Rittenhouse was charged with first-degree reckless homicide and five other criminal counts related to the shootings, which occurred on Aug. 25 at a demonstration that followed the fatal shooting of a Black man, Jacob Blake, by a white police officer days earlier.

Rittenhouse, who faces a trial in Kenosha County, will plead not guilty to all counts at the hearing, scheduled for 1 p.m. local time (1900 GMT), his lawyer Mark Richards told Reuters in an email.

The teenager was freed after his attorneys posted his $2 million bond in November. The source of the money was unclear, but his attorneys had led a drive to raise the funds from donations.

Rittenhouse’s lawyers have said Rittenhouse, who turned 18 on Sunday, acted in self defense when he opened fire with a Smith & Wesson M&P 15 rifle at the protest.

The police shooting of Blake on Aug. 23, captured on cellphone video, drew a mix of civil rights demonstrators, anarchists and right-wing militias to the streets of Kenosha, a city of 100,000 people about 40 miles (65 km) south of Milwaukee.

Officer Rusten Sheskey shot at Blake’s back seven times from close range as Blake opened the door of his car, striking him four times and paralyzing him from the waist down. Officials said there was a knife inside Blake’s car.

Blake’s lawyer, Ben Crump, disputed that there was a knife in the car and said Blake was attempting to break up a fight between two women when he was shot in front of three of his sons, aged 3, 5 and 8.

Prosecutors are expected to decide whether to charge Sheskey this week.

(Reporting by Gabriella Borter, Editing by Rosalba O’Brien)

Older of two Colorado teens charged in deadly shooting rampage pleads not guilty

By Keith Coffman

DENVER (Reuters) – The older of two Colorado teens accused of a cocaine-fueled shooting spree that killed one classmate and wounded eight others at a Denver-area charter school, pleaded not guilty on Thursday to murder and attempted murder charges, prosecutors said.

Devon Erickson, 19, jailed without bond since the May 7 rampage, entered his plea in Douglas County District Court to all 44 felony counts against him, including conspiracy, weapons offenses and theft, a spokeswoman for District Attorney George Brauchler said in a statement.

Erickson’s lawyers also gave the court notice they will pursue a “mental health defense,” and the judge ruled the defendant must cooperate with any psychiatric examination ordered in the case, spokeswoman Vikki Migoya said in an email.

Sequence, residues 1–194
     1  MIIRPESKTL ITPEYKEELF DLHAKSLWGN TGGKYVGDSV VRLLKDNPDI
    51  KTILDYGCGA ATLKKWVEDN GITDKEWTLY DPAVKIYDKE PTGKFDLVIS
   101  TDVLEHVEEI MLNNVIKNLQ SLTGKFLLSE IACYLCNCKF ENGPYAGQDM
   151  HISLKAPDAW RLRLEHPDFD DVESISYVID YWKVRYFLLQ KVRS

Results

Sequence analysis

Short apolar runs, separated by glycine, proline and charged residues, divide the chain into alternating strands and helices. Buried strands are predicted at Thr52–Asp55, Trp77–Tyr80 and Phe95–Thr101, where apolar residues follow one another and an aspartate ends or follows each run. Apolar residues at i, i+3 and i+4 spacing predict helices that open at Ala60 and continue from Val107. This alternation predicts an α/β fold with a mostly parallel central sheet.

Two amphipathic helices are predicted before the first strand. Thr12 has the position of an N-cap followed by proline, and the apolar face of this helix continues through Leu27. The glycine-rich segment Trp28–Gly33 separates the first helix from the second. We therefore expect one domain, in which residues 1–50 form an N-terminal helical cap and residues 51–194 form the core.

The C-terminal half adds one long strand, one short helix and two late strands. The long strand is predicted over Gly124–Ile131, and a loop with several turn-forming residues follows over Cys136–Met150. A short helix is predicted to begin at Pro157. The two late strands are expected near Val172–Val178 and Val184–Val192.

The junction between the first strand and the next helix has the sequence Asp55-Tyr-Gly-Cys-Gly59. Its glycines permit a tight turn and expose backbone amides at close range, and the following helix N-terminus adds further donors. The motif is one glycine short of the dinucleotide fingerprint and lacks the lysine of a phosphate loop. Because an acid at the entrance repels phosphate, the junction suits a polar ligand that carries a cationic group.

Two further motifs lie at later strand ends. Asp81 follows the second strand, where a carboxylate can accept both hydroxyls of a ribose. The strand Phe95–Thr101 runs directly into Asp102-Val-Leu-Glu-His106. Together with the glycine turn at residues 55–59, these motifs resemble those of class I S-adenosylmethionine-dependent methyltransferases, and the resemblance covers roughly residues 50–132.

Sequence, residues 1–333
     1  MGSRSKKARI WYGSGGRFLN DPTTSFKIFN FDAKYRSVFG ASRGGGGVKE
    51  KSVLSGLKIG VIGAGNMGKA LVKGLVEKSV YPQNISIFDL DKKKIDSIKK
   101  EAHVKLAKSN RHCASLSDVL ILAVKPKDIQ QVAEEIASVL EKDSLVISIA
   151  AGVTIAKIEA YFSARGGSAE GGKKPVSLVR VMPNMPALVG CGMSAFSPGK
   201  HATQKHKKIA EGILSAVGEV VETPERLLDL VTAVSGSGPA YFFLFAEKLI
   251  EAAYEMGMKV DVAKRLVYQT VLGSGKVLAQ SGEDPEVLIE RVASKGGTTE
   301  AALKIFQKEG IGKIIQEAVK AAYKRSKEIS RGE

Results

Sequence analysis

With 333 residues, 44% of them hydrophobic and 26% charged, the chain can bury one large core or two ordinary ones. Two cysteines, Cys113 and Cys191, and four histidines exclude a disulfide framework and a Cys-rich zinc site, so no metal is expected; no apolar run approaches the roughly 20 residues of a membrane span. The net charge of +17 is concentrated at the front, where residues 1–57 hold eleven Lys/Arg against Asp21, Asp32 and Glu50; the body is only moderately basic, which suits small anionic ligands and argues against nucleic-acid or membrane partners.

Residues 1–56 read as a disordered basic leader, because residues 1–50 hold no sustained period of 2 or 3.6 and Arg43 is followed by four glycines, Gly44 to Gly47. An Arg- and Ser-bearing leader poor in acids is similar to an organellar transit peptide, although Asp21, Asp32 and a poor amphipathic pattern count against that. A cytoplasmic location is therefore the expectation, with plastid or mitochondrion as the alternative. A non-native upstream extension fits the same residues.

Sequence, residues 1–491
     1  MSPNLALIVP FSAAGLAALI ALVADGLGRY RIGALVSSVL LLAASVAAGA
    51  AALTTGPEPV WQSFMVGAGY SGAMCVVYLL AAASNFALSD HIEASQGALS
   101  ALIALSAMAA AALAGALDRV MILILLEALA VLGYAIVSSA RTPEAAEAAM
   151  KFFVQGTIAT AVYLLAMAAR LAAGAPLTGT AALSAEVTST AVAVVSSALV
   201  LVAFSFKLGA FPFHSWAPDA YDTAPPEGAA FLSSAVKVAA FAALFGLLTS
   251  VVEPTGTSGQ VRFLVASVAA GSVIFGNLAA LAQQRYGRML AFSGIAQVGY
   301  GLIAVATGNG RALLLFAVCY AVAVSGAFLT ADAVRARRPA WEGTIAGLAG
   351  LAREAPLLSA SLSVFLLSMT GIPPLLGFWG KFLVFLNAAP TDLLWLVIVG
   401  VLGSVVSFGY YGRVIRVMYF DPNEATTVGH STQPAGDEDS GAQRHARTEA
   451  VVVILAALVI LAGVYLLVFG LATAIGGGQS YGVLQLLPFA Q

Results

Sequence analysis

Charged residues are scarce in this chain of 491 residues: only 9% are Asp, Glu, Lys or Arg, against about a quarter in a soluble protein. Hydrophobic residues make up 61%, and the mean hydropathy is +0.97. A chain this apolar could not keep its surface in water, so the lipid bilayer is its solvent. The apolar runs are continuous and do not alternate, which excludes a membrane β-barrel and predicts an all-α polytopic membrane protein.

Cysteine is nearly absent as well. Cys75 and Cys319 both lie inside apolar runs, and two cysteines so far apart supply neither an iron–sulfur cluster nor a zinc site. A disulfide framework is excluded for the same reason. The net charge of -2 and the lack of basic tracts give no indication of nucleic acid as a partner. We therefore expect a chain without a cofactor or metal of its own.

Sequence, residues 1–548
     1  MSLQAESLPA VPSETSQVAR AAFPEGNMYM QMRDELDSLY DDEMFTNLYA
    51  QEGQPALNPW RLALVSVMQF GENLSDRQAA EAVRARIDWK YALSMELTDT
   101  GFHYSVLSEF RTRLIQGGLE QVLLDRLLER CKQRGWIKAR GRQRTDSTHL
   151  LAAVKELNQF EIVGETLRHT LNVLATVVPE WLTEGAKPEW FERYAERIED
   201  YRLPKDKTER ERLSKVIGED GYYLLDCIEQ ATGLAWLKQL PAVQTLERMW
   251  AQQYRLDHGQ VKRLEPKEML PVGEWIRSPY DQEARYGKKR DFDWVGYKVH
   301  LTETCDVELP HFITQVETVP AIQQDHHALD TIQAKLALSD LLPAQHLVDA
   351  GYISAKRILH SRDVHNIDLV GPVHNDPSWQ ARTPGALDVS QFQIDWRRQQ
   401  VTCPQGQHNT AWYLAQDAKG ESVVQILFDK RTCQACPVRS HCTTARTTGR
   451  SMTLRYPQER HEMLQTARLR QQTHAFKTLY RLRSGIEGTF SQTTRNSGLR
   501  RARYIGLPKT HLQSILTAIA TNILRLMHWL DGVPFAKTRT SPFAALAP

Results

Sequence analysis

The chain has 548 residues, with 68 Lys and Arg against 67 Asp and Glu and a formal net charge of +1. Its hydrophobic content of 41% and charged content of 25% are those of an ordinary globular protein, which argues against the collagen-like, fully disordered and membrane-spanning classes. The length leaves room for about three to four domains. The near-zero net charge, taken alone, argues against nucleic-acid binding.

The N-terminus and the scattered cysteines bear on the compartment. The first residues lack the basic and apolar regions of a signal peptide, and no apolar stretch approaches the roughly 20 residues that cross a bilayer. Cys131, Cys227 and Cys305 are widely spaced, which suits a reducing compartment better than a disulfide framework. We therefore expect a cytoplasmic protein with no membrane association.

The judge ruled in September there was sufficient evidence for Erickson to stand trial in the attack.

Erickson is accused along with Alec McKinney, 16, of bursting into the Science, Technology, Engineering and Math (STEM) School they attended in Highlands Ranch, south of Denver, and opening fire with guns they stole from Erickson’s parents.

The pair were arrested after several fellow students tried to fight back, including 18-year-old Kendrick Castillo, who was killed. Eight students were wounded, one of them struck by errant gunfire from a private security guard.

Police say the two suspects had used an ax and crowbar to break into a safe containing the firearms they stole – three pistols and a .22-caliber rifle – and consumed cocaine before storming the school.

According to an arrest warrant affidavit, Erickson later told police he “didn’t want anyone to get shot” but the handgun he was carrying discharged when he was hit by the other students rushing him.

McKinney, who was born female but identifies as male, is alleged to have told investigators he was bullied at school for his transgender status and planned the attack out of revenge, enlisting Erickson to help him carry out the plot.

If convicted of first-degree murder, Erickson faces a life sentence without the possibility of parole, or the death penalty should prosecutors seek capital punishment.

McKinney, although charged as an adult, would face a maximum punishment of 40 years in prison because he was a juvenile when the crime was committed.

The attack occurred less than a month after the 20th anniversary of the Columbine High School massacre in nearby Littleton, Colorado, where two students shot and killed 13 people before committing suicide.

(Reporting by Keith Coffman in Denver; Editing by Steve Gorman and Tom Brown)